Life may seem harsh being stuck in an airport for years, but Nasseri makes good use of the little that is offered to him. He sleeps on an airport bench at night. During the day, he patiently reads books and magazines, writes in his diary, and converses with travelers. He is very tidy, clean-cut, and washes in the men’s room early in the morning before the passengers arrive. He refuses to accept charity, although airport staff and stewardesses provide him with meal vouchers and complimentary travel kits. He never begs and has politely returned lost wallets to their rightful owners.
Finally, in July 1999, the Belgian government agreed to send Sir Alfred his refugee papers. He was now free to leave. But, eleven years of sitting in an airport can wreak havoc on a man’s mind. It seems that Alfred no longer wants to leave. The airport has become his home and he feels safe there. People treat him as a celebrity, and he enjoys the cards and letters that he receives from all over the world.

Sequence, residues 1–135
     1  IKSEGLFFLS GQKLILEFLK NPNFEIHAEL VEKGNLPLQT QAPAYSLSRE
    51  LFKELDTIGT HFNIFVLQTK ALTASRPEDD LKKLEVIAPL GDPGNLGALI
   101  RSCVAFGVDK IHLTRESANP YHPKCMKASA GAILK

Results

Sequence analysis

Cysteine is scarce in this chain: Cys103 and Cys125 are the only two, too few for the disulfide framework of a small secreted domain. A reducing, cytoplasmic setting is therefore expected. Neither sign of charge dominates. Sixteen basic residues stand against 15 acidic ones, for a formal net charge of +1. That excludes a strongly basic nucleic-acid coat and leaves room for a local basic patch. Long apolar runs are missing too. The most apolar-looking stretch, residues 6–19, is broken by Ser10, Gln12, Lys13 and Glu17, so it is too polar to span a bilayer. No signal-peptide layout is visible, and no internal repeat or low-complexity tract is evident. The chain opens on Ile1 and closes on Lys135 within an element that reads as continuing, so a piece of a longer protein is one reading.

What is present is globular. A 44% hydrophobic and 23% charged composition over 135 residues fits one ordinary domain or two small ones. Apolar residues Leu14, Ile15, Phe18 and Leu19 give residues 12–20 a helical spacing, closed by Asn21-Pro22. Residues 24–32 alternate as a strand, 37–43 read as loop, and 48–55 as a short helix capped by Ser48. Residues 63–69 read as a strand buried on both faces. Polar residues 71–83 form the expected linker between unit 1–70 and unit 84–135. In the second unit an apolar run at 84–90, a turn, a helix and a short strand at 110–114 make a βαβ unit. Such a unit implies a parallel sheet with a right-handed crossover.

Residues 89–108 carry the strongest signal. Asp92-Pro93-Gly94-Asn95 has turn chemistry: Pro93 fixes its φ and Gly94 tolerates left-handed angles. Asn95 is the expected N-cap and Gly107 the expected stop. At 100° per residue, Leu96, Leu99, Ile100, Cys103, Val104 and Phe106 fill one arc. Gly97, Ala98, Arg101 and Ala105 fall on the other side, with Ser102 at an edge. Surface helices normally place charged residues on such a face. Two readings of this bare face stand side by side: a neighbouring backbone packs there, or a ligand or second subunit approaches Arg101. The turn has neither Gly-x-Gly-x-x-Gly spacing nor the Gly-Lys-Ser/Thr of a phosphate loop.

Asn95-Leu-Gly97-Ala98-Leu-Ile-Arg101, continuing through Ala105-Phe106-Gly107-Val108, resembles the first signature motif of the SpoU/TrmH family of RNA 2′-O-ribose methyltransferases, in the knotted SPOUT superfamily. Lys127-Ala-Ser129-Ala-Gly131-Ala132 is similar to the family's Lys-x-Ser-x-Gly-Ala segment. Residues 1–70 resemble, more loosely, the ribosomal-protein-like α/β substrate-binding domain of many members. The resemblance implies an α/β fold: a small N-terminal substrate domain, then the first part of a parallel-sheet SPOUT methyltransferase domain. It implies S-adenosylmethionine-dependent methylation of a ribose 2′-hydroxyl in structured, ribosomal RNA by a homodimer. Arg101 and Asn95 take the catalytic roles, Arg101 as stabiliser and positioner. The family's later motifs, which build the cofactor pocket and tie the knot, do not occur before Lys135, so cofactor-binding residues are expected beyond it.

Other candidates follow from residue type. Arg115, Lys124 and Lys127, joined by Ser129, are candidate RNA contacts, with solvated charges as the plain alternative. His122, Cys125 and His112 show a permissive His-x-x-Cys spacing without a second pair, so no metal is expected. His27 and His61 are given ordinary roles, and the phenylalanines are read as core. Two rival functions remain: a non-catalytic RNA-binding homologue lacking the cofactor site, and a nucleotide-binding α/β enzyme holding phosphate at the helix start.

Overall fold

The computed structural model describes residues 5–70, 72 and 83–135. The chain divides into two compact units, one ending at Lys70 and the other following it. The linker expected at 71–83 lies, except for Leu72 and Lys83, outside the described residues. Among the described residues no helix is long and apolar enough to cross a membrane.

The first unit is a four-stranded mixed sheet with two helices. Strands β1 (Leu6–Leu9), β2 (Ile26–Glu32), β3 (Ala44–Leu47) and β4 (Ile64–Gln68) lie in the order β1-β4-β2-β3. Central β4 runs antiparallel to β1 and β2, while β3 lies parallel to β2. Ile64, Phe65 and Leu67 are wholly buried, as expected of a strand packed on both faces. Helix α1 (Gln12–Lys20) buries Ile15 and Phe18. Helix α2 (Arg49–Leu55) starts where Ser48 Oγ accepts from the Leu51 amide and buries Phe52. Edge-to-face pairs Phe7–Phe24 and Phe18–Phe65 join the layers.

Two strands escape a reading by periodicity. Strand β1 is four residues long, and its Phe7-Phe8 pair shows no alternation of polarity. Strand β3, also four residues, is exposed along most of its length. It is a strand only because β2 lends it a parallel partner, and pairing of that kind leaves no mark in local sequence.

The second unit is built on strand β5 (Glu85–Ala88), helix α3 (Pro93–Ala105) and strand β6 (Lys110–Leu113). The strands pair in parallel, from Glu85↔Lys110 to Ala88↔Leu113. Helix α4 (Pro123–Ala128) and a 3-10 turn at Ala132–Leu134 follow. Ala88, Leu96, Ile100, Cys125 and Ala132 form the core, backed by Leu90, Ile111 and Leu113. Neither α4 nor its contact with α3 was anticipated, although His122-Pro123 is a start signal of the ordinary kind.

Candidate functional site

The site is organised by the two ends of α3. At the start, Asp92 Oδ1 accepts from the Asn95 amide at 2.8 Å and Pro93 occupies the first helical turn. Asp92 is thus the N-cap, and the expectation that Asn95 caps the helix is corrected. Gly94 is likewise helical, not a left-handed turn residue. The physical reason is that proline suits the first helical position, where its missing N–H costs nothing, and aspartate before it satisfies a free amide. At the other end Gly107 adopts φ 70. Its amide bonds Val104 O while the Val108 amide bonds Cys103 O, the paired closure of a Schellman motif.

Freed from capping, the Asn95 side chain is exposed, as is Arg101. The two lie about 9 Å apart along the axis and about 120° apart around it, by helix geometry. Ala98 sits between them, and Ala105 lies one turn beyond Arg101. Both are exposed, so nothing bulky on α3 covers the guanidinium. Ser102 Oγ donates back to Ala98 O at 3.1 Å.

And this is where my students enter the picture. Since they were traveling to France, I asked them to check to see if he was still there and to politely ask Sir Alfred if he would allow them to snap a picture of him. They asked around and confirmed that he was indeed still there, but he was in a different terminal. Upon their return, my students seemed disappointed that they were unable to meet the man whose plane seems to be permanently delayed. Hopefully, by the time you read this, Sir Alfred will have reached his final destination.
Useless? Useful? I’ll leave that for you to decide.
Update: Since this story was written in 2003, Sir Alfred is no longer in the airport.